Our study is, by far, the largest in Saudi Arabia investigating organ donation awareness in the general population. The level of organ donation awareness in our study (74%) was higher than the previous national study which estimated awareness to be 44% among urban and 31% among rural populations. A possible explanation to the higher level of awareness in our study is the increasing number of organ donation awareness campaigns which is proposed to be a key factor in improving awareness.[10] Our study, however, in contrast to previous national studies, reported no statistically significant difference [Table 3] between Riyadh and its surrounding rural villages, which probably reflects the fast spread of knowledge to Riyadh's neighboring villages and the higher rate of villages' urbanization.
Table 3: Factors affecting level of organ donation awareness across our population and the statistical significance of their interaction

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Reported willingness to donate brain-dead relatives' organs was 56% in our study, about 12% lower than the previous 1996 national-based study, a discrepancy that can be explained by the limited awareness of religious opinion in our sample (30% only) compared to 42% in the 1996 study.[5] Reasons for refusal that included body disfigurement, religious opinion unawareness, and family disagreement were consistent with the two previous studies.[5],[8]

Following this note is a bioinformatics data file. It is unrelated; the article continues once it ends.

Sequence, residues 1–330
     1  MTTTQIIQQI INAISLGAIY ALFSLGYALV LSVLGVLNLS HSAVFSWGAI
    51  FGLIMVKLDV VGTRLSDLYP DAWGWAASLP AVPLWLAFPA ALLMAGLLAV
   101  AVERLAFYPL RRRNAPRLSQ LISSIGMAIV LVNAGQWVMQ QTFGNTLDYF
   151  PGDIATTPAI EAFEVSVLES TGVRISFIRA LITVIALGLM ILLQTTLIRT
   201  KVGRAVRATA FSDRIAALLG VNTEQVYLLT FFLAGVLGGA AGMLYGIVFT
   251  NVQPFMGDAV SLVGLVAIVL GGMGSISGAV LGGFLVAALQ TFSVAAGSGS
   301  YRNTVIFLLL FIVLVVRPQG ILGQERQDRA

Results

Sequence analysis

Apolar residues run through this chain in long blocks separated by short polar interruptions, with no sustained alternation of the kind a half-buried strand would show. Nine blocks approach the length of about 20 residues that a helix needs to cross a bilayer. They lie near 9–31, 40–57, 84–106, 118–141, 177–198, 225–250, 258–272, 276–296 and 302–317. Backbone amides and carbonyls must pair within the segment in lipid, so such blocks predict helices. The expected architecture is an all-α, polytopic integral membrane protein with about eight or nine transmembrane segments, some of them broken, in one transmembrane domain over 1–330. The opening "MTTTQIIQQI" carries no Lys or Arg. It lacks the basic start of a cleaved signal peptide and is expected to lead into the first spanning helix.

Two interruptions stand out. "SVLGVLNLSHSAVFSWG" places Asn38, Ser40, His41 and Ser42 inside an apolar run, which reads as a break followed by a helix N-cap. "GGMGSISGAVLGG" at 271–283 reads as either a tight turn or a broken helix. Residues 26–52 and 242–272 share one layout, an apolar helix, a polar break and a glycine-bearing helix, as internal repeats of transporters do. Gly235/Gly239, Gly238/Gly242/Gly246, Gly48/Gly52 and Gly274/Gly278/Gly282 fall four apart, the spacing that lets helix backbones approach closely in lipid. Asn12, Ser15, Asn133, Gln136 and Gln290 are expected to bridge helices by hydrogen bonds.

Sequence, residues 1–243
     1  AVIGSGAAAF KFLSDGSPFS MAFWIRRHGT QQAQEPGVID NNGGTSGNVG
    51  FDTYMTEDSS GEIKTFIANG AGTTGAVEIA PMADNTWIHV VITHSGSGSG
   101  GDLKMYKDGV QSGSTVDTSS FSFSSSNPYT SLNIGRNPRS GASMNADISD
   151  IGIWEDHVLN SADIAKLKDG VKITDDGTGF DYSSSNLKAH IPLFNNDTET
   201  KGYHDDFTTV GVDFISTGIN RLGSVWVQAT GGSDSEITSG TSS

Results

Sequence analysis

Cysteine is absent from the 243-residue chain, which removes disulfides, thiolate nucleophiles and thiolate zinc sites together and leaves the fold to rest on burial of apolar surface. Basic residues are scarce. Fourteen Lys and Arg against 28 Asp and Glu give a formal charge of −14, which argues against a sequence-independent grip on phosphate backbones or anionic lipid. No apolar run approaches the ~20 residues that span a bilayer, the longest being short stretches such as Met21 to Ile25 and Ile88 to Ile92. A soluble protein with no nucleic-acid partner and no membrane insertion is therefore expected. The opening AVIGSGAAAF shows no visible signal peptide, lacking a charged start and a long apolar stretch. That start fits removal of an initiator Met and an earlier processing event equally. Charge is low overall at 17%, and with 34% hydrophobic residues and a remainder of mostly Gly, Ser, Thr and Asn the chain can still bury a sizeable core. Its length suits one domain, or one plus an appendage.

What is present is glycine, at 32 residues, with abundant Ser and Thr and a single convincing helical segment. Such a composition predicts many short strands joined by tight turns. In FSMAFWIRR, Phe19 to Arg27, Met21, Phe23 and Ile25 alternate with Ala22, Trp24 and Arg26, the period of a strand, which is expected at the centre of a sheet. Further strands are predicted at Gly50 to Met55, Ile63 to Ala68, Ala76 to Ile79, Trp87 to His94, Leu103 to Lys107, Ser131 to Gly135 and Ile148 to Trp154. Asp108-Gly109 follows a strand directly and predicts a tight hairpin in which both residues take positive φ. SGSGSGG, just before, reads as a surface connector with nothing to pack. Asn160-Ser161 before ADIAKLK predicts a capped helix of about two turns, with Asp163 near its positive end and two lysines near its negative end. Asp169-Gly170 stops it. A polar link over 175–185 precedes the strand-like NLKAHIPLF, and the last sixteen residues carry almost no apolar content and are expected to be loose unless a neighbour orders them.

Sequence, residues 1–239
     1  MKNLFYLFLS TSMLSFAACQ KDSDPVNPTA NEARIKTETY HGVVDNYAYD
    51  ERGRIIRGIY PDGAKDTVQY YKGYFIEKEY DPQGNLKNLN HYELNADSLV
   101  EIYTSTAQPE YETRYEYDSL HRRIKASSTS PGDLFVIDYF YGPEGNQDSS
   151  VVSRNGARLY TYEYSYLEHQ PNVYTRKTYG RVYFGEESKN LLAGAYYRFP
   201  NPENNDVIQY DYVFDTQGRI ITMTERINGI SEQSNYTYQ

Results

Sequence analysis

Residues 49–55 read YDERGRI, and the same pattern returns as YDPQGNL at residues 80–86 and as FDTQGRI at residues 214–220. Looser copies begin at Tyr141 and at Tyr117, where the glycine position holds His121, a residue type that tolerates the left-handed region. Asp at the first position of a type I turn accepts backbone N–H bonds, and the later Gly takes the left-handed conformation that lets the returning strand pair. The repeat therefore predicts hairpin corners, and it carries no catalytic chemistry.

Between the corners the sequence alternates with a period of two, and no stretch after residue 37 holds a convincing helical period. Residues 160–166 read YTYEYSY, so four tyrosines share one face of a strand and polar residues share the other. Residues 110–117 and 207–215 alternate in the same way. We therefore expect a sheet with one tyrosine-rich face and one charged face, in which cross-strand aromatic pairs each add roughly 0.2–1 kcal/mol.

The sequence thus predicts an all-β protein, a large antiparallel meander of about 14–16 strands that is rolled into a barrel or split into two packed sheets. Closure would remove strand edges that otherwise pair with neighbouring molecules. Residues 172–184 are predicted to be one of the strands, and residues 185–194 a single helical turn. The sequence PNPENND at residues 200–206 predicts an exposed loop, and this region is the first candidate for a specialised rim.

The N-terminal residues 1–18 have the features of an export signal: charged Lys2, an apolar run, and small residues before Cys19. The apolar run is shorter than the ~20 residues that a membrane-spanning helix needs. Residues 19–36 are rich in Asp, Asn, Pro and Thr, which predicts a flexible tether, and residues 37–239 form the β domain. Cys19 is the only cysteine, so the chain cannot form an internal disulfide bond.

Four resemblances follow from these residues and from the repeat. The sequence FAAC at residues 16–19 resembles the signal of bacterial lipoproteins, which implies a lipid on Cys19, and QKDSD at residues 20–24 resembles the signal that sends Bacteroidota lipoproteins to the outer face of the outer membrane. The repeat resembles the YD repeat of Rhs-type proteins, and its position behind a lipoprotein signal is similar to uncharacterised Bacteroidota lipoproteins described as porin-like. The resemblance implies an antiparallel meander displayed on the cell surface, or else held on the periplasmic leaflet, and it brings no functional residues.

Organ donation awareness was found to be significantly more in women, higher educated individuals, those with higher socioeconomic status, and in married people [Table 3]. This goes in synchronization with many previous studies [11],[12],[13] that identified those to be strong predictors for higher levels of organ donation awareness.

All studies of organ donation awareness in Saudi Arabia, including ours, have consistently yielded lower awareness (30%–74%) levels than most of its counterparts around the world [Table 4].[14],[15],[16],[17] However, compared to previous studies in Saudi Arabia, the increased rate of organ donation awareness in our study reflects a promising trend and a higher chance of having next-of-kin agreement to organ donation in case of a relative's brain death. As the morbidity of end-organ dysfunction continues to plague the country, improvement of organ donation awareness in our study, albeit marginal, represents a step in the right direction. However, the knowledge of Islamic opinion was only 30% which calls for more awareness campaigns that include Islamic education about the permissibility of organ donation.